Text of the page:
China-based Suntech Power, meanwhile, bought EI Solutions and formed a joint venture with MMA Renewable Ventures last year to woo utility, government and other business customers (see Suntech Buys EI Solutions, Teams Up With MMA). The joint venture, Gemini Solar Development, is pursuing a 30-megawatt project for the city-owned utility in Austin.
Spain's well-financed solar project developer, Fotowatio, said only a few days ago that it would buy MMA, a deal that Suntech said would only strengthen its pursuit of power project deals (see Fotowatio Buys MMA Renewable Ventures).
First Solar also has been eyeing the utility market for more than a year, and bought Turner Renewable Energy for $34.3 million in stock and cash in 2007 to learn how to engineer and build solar power plants. The deal came with an unfinished project in Blythe, Calif., that First Solar plans to build this year. Southern California Edison already has agreed to buy power from the project, which will start at 7.5 megawatts.
First Solar's acquisition of OptiSolar's large portfolio of pending projects cuts short the amount of time it would otherwise take for First Solar to secure that much land, regulatory approval and customers on its own, Ahearn said.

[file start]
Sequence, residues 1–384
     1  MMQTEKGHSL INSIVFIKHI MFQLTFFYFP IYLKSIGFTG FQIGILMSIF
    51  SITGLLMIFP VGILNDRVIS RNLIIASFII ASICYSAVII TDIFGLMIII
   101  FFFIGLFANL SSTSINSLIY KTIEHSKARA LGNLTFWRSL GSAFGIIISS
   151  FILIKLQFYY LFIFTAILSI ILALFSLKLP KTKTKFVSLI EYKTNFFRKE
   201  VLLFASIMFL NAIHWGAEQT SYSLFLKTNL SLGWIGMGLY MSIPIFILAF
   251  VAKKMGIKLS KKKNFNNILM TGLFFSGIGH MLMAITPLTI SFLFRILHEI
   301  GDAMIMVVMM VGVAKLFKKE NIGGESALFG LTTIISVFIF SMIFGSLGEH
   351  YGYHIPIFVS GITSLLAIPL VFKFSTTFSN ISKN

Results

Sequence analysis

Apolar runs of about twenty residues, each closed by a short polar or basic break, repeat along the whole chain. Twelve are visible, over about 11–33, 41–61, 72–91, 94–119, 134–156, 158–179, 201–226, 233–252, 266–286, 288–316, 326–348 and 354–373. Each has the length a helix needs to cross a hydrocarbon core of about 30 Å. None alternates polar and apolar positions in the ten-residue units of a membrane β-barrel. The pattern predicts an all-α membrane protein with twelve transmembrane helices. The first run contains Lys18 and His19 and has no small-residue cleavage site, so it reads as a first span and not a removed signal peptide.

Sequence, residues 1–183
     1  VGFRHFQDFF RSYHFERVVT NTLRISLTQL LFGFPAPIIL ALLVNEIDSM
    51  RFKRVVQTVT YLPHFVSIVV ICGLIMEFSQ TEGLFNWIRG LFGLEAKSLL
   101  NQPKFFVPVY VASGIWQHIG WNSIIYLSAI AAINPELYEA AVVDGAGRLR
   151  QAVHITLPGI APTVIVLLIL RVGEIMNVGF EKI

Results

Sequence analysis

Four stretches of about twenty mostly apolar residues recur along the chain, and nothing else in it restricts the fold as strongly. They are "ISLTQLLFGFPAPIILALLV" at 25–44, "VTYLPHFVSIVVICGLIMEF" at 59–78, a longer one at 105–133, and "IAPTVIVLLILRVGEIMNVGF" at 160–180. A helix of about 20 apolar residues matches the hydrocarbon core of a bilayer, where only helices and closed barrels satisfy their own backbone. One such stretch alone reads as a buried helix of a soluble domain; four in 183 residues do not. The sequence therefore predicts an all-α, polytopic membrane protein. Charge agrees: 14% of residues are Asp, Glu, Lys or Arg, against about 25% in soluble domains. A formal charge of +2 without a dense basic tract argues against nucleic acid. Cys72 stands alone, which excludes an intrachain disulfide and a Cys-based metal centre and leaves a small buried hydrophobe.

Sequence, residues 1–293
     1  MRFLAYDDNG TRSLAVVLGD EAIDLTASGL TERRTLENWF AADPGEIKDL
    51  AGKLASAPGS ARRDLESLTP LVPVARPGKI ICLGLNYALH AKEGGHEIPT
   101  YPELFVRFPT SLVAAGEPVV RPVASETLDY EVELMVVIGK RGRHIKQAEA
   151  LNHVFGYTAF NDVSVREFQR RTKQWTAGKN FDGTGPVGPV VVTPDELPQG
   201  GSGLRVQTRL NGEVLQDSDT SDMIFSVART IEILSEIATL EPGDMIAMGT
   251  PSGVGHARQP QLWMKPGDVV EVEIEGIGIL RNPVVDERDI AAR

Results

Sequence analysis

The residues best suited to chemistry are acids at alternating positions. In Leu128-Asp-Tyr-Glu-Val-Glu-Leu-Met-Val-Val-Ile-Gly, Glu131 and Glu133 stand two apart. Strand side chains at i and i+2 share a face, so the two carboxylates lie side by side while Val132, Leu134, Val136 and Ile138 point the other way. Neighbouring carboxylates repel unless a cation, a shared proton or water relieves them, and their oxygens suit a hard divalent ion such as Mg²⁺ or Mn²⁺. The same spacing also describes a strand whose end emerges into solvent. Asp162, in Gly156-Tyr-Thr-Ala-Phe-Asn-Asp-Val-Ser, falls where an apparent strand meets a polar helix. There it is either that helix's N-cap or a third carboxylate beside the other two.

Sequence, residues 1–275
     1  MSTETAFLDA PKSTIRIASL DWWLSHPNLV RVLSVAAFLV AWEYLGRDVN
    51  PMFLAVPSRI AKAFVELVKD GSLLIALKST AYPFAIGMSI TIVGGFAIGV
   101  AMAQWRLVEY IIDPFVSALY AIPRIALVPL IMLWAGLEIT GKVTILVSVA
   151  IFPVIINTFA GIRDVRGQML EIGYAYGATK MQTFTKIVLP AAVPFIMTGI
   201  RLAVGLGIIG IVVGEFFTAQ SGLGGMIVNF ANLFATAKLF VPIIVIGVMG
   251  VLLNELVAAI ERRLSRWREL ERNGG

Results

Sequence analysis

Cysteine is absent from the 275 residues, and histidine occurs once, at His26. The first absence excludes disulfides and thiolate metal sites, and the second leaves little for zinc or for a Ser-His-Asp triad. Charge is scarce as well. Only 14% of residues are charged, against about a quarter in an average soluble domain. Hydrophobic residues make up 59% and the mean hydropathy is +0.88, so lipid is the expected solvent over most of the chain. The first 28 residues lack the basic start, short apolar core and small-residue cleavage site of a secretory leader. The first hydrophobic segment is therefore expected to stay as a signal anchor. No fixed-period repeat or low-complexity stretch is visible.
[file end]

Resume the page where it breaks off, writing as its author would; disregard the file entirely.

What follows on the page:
The deal to sell the power from the 550-megawatt project, called Topaz Solar Farm, to PG&E already has gotten approval from the California Public Utilities Commission. It plans to raise money to develop the project instead of using its own capital, said Ahearn, who also noted that the company would have to expand its panel production to meet the project's demand.
Although the Topaz project calls for First Solar to own and operate the power plant, Ahearn indicated that the company is primarily interested in being a general contractor. This move would make sense particularly given the utilities' growing interest in owning and operating their own power plants (see PG&E to Build and Own Solar Power Plants).
Seeing the Topaz deal go to First Solar is bad luck for SunPower. SunPower CEO Tom Werner told analysts last month that the company would try to increase its 250-megawatt deal with PG&E since OptiSolar was having financial troubles.
Some financial analysts see the acquisition as a smart move by First Solar.
"While investors have noted a meaningful gap between production targets and contracted deliveries, this new pipeline of projects should give them confidence that the company should not be faced with stocks of unsold inventory," wrote Mark Bachman, a senior analyst at Pacific Crest Securities, in a research note.
Others are more skeptical. Gordon Johnson, head of alternative energy research at Hapoalim Securities, believes First Solar overpaid for OptiSolar's assets in a rush to prevent SunPower and Suntech from getting them. Then there is the question of whether First Solar can carry out the projects on time.
"We remind our readers that financing is not fully secure for this deal, and the cycle time for large projects typically takes more than 2 years due to: (1) permitting process, (2) siting, and (3) delays," Johnson wrote in a research note.
Join industry leaders and influencers at Surviving the Shakeout: Greentech Media’s 2009 Solar Industry Summit in Phoenix, Ariz., April 14–15.